US Fish & Wildlife Service
Draft Environmental Assessment for Umbrella Candidate Conservation Agreement with Assurances for Gunnison Sage-grouse (Centrocercus minimus) in Colorado
Date of this Version
Published by the U.S. Fish and Wildlife Service (2005) 36 pages.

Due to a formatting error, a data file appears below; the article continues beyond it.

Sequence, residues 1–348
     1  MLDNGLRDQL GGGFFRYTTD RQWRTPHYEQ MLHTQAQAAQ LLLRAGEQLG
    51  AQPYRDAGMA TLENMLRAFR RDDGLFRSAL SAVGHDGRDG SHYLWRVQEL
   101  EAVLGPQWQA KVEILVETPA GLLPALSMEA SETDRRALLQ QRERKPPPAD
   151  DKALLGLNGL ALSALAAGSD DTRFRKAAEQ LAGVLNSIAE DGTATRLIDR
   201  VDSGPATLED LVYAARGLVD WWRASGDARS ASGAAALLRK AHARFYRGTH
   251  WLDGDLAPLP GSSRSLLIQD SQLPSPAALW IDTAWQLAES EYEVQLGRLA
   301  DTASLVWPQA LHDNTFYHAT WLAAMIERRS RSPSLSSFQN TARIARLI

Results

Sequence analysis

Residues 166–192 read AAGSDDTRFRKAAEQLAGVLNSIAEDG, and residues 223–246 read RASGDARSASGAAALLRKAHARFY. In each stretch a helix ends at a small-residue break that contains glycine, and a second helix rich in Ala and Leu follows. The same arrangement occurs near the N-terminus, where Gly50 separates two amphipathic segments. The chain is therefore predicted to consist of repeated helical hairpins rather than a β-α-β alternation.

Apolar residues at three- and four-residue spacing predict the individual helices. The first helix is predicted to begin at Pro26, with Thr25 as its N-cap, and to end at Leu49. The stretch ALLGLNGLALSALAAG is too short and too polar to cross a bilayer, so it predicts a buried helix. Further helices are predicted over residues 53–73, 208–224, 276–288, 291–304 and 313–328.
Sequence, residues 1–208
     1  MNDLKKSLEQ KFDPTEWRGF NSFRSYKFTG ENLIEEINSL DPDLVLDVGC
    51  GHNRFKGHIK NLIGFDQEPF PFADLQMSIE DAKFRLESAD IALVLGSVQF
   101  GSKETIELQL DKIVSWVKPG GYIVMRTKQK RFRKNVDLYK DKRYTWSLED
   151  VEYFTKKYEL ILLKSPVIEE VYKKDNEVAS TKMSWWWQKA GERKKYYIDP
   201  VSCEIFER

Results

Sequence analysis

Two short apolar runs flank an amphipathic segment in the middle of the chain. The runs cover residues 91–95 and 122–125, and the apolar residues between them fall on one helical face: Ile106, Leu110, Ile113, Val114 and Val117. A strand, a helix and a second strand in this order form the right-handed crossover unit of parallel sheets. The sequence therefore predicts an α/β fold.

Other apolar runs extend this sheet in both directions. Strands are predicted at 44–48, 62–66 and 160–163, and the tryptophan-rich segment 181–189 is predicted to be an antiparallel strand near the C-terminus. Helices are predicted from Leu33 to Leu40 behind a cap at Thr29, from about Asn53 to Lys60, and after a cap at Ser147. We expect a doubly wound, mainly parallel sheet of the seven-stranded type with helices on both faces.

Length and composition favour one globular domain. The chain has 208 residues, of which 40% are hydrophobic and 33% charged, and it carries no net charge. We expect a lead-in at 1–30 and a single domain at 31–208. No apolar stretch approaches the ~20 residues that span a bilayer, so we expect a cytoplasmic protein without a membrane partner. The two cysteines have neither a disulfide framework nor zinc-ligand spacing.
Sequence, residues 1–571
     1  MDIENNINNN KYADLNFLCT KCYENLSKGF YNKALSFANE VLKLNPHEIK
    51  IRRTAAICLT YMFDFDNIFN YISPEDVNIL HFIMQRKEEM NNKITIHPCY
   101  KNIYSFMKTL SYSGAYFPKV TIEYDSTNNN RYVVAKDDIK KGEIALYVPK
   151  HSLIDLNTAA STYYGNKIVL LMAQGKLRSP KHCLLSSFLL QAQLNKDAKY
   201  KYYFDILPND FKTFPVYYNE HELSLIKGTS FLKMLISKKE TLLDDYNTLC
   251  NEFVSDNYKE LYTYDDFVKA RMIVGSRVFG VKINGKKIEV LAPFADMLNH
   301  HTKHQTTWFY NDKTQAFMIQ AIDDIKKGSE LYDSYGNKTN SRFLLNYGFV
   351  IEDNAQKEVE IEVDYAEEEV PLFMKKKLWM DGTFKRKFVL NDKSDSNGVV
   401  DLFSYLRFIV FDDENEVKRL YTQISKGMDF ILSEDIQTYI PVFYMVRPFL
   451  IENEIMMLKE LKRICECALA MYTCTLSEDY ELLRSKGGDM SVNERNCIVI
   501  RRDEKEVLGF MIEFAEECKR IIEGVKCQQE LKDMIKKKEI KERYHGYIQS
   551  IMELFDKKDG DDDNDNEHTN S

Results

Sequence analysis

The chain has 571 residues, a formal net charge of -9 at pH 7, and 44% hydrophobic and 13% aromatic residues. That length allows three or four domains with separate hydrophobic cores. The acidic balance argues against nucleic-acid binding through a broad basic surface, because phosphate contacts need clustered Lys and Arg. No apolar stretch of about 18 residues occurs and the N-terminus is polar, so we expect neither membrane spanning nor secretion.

The purpose of this Environmental Assessment (EA) is to satisfy the National Environmental Policy Act requirements for a proposed action to implement an umbrella Candidate Conservation Agreement with Assurances (CCAA) with the Colorado Division of Wildlife (CDOW). The purpose of the CCAA is to promote conservation of Gunnison sage-grouse (Centrocercus minimus), a declining endemic of the sage-steppe community in Colorado and Utah. Two other alternatives are compared to the proposed action to assess whether the action can be implemented without significant effects to environmental resources in the area. About one-half of the Gunnison sage-grouse range occurs on non-Federal lands in Colorado. The survival and recovery of the species is therefore closely associated with the current and future land uses occurring on the non-Federal lands. Therefore, there is an obvious need to secure the cooperation of those non-Federal landowners in Colorado who reside within the range of the species to promote the implementation of land uses that would be beneficial to the grouse. The umbrella CCAA would describe specific land-use activities and conservation practices that would be beneficial to the species on the non-Federal lands. In exchange for volunteering to implement beneficial practices for Gunnison sage-grouse, the participating landowners would be granted authorization to incidentally ‘take’ Gunnison sage-grouse under an Enhancement of Survival Permit (Permit) issued pursuant to section 10(a)(1)(A) of the Endangered Species Act (ESA), and by receiving assurances that they will not incur additional land-use restrictions if the species is listed under the ESA. The Permit would become effective if the grouse was subsequently federally listed, and would then authorize a level of unintentional ‘take’ for each enrolled landowner. Consequently, the greater public benefit is served by having an operational conservation program that will improve the species status, and the participating non-Federal landowners benefit by receiving an incidental take permit and assurances that they can continue agreed upon land uses.